Second, as The Daily Beast previously reported, campaign finance experts say that the hush money payments to Daniels and former Playboy “Playmate” Karen McDougal were clearly intended to influence the 2016 election. In fact, when Daniels tried to sell her story to the press years earlier, that was also in the political context of Trump’s candidacy—the potential 2012 bid he was publicly exploring at the time.

In 2018, the FEC’s Office of General Counsel found reason to believe that the payments were in fact unlawful, and that Trump, his campaign, and his company should be investigated. However, the Republican commissioners blocked that investigation—as they have done for every one of the dozens of complaints against Trump—citing the fact that Cohen, but not Trump, had already been held accountable, and the statute of limitations was running out.

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The statute of limitations argument was also in large part due to Trump’s own presidential powers. He refused to appoint a replacement commissioner, depriving the FEC of its quorum for more than a year—meaning the commission couldn’t make any decisions about enforcement actions during that time.

But while the FEC Republicans let Trump slide for the Daniels payments, they saw fit to fine the National Enquirer’s parent company, American Media Inc., over its unlawful hush money payment to McDougal, which involved the same infractions. That decision also overlooked prosecutors’ agreements with both Cohen and AMI.

On Thursday, hours before the news broke about the sealed indictment, the Wall Street Journal reported that Bragg’s investigation had focused more intently on the McDougal payments than was previously known. Trump’s team hasn’t tried to attack those payments—which the FEC found unlawful—the way they have with Daniels. In fact, it’s unclear from AMI’s non-prosecution agreement whether they were or were not ultimately reimbursed for those payments. Trump told Fox News in 2018 that he personally footed that bill. Meanwhile, Cohen’s memoir claims that Trump actually stiffed AMI executive David Pecker—which is why he wouldn't pay for the Stormy Daniels silencing deal.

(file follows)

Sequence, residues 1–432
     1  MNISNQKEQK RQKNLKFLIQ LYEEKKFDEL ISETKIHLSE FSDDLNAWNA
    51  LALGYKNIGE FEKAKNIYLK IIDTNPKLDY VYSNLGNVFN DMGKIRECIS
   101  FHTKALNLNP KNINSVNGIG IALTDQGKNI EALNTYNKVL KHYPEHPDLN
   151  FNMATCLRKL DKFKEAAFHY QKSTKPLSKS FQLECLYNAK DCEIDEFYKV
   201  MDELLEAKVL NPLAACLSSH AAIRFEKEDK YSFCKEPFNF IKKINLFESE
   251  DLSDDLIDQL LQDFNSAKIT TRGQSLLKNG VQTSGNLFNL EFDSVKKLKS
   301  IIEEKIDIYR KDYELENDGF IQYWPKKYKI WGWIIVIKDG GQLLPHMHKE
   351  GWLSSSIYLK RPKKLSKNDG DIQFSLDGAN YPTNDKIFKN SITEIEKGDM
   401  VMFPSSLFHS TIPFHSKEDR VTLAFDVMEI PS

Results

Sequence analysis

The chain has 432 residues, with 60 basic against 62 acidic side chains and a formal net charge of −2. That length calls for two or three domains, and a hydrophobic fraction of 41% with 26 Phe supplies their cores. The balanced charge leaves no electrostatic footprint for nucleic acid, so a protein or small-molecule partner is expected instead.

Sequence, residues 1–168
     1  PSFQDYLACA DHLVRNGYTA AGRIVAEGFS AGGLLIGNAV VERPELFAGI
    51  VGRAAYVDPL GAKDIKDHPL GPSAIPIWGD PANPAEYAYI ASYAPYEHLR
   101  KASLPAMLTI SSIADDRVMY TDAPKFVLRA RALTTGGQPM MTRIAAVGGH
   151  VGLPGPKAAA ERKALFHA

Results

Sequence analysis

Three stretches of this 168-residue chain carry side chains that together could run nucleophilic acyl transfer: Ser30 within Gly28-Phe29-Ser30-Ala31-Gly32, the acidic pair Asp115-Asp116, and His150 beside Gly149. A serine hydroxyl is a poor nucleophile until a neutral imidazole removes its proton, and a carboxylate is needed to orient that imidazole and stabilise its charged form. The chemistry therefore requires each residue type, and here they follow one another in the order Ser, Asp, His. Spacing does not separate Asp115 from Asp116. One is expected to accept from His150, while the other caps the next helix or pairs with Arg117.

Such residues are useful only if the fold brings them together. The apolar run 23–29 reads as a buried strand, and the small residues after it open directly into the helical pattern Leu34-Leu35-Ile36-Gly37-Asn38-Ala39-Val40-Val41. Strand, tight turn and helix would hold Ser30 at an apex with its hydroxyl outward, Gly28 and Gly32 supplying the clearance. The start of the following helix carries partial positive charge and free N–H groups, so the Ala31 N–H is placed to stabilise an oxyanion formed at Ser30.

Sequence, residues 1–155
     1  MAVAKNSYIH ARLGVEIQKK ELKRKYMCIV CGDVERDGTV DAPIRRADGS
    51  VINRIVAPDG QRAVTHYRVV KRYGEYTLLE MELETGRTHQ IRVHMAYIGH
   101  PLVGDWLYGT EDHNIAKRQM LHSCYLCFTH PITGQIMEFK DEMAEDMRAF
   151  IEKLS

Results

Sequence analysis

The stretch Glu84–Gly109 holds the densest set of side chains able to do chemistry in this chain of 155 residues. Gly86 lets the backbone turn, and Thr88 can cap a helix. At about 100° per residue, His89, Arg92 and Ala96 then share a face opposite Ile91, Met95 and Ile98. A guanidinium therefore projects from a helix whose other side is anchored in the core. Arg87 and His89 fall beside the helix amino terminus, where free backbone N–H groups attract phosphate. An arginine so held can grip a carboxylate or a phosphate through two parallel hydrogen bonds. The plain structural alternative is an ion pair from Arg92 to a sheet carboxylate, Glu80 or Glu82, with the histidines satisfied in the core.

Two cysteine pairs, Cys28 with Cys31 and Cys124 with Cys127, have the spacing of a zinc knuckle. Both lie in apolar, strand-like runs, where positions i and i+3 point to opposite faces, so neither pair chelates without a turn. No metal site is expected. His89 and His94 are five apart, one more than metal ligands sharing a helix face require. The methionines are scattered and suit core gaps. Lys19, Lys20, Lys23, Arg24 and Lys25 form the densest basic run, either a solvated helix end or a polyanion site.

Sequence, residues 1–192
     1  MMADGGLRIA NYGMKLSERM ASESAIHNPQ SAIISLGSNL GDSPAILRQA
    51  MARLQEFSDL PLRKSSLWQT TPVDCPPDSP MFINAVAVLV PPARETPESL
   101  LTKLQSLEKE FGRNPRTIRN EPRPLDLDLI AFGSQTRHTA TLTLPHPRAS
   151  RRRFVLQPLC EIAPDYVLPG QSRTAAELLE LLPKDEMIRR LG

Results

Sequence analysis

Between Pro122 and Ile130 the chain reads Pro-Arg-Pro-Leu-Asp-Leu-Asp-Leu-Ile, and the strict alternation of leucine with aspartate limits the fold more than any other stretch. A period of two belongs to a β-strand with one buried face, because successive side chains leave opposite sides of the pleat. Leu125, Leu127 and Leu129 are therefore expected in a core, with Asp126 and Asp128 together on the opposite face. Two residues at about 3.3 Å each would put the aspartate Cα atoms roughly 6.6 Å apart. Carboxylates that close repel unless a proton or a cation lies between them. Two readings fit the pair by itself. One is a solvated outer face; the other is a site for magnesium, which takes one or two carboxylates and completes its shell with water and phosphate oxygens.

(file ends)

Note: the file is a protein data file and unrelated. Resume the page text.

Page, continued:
But, as Cohen himself told The Daily Beast in a statement on Thursday, “It is better for the case to let the indictment speak for itself.”

Hours later, CNN reported that the indictment wasn’t nearly as narrowly focused on the hush money payments as Trump’s legal team and news reports have made it seem. Instead, CNN reported, the grand jury has brought more than 30 counts against the former president, including for business fraud. This suggests that the “novel legal theory” talking point, which Trumpworld has promoted, may not be Bragg’s silver bullet after all.

To that point, Bragg’s office might be centering the case against Trump on its already extensive investigation into his business dealings, which have already yielded a court victory. If prosecutors can tie the hush money payments to business, financial, or tax fraud at the state level, they can sidestep the federal question altogether.

Shortly after the New York County DA’s Office filed the indictment in Manhattan criminal court, Trump’s two lawyers in this case issued a statement defending their client.

“President Trump has been indicted. He did not commit any crime. We will vigorously fight this political prosecution in court,” Susan Necheles and Joe Tacopina said.